January 21, 2014
A wheeled vehicle has not been on the moon’s surface since the 1970s. Until December, that is.
China’s Chang'e-3 mission launched atop a Chinese-developed Long March 3B rocket on Dec. 1 from Xichang in the country's south, the BBC reported, and landed on the lunar surface on Dec. 14.
The successful touchdown — the first soft landing in nearly four decades — prompted NASA to congratulate the Chinese space agency on Twitter, the Los Angeles Times reported.
The landing is the first soft landing on the moon since the Soviet Union sent the sample-collecting Luna 24 mission in 1976. The last time America visited the moon was Dec. 14, 1972 with its Apollo 17 crew of astronauts Gene Cernan and Harrison “Jack” Schmitt.
The Chang’e-3 spacecraft arrived in an area called the Bay of Rainbows before deploying its robotic rover, Yutu. The Chinese mission is named after an ancient Chinese myth about a moon goddess. Yutu, which translates to Jade Rabbit, was said to be her long-eared companion.
Yutu carries a more sophisticated payload than previous missions, including ground-penetrating radar that will gather measurements of the lunar soil and crust. The mission is designed to test new technologies, gather scientific data and build intellectual expertise, as well as scout for mineral resources that could eventually be mined.
The lander will operate there for a year, while the rover is expected to work for some three months. Within a month, the mission had returned its first scientific data about the surrounding lunar rock chemistry via the rover’s onboard chemical sniffer, the Alpha X-ray Spectrometer (APXS) instrument, according to National Geographic. In January, it turned its attention to the mineralogy and geology of the surrounding dusty terrain.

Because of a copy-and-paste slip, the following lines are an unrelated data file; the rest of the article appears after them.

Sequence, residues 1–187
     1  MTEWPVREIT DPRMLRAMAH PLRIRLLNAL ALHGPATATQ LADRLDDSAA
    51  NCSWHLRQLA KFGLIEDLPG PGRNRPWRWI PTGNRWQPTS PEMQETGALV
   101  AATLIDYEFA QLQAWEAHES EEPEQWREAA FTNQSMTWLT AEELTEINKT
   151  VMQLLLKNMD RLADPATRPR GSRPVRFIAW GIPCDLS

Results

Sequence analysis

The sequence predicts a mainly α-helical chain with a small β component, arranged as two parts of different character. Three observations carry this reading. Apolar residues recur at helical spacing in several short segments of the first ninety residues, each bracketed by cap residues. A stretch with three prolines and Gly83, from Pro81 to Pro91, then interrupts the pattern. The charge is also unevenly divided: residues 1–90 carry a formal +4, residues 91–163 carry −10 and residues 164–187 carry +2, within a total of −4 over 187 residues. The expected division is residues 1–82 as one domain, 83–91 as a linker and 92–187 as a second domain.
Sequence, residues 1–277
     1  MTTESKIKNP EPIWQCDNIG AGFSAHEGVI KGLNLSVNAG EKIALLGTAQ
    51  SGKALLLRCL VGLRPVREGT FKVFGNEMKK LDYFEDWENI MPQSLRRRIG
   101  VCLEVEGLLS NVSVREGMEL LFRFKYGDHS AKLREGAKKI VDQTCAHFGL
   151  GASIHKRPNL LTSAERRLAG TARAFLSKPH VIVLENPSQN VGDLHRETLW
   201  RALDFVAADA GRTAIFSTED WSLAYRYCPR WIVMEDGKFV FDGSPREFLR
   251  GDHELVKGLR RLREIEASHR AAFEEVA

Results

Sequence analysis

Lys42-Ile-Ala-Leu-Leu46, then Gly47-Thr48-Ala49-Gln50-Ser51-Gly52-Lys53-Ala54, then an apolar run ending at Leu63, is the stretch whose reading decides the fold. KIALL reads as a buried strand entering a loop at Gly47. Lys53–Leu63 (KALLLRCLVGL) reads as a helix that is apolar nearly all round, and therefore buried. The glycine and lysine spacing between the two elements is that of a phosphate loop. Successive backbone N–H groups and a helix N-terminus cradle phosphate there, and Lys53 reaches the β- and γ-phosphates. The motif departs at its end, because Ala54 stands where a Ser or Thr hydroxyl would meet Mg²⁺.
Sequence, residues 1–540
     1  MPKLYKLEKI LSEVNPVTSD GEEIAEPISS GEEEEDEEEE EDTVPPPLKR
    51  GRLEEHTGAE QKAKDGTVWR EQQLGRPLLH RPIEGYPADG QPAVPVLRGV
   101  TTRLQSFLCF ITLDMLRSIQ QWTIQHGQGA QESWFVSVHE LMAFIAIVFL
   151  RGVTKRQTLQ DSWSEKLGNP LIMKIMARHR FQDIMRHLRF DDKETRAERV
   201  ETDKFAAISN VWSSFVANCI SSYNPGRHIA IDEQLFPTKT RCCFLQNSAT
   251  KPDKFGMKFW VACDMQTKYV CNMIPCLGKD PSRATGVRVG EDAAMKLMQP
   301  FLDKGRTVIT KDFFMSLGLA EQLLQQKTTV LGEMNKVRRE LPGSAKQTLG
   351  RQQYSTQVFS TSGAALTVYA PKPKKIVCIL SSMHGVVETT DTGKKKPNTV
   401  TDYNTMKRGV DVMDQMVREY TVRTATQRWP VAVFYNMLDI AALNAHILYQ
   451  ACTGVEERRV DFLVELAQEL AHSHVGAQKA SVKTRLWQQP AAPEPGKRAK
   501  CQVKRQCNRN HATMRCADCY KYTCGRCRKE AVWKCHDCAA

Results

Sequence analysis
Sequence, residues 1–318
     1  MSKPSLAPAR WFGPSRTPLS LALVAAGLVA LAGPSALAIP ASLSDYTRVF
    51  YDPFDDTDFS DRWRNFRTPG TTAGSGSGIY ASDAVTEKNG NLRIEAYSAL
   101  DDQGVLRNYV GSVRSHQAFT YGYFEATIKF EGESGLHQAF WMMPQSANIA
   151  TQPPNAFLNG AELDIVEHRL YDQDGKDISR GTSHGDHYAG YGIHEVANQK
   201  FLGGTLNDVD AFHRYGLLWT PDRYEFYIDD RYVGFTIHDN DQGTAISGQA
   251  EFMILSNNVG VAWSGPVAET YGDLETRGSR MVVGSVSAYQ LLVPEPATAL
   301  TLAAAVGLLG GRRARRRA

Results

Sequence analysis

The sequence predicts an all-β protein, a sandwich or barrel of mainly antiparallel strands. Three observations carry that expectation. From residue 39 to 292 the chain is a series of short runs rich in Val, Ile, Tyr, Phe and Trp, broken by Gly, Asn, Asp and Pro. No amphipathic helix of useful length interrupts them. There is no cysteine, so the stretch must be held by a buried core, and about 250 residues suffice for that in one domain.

This isn’t expected to be the last trip to the moon for China. In 2017, a mission is planned to bring samples of lunar soil back to Earth. And this may set the stage for further robotic missions, and - perhaps - a crewed lunar mission in the 2020s, the LA Times reported.
Watch the YouTube video of the soft landing from orbit to ground.
AOPA President Mark Baker and AOPA Foundation Executive Director Jim Minow are challenging one another to see who can recruit the most Hat in the Ring Society members for the foundation before the end of the year.
Two general aviation airports located two miles apart in a remote section of northeast Oregon are coming alive, thanks to pilots and area residents.
Installing a fuel farm at Berrien County Airport in Nashville, Georgia, could increase the airport’s economic impact on the local community from its last reported $682,200 to nearly $1 million, according to AOPA.
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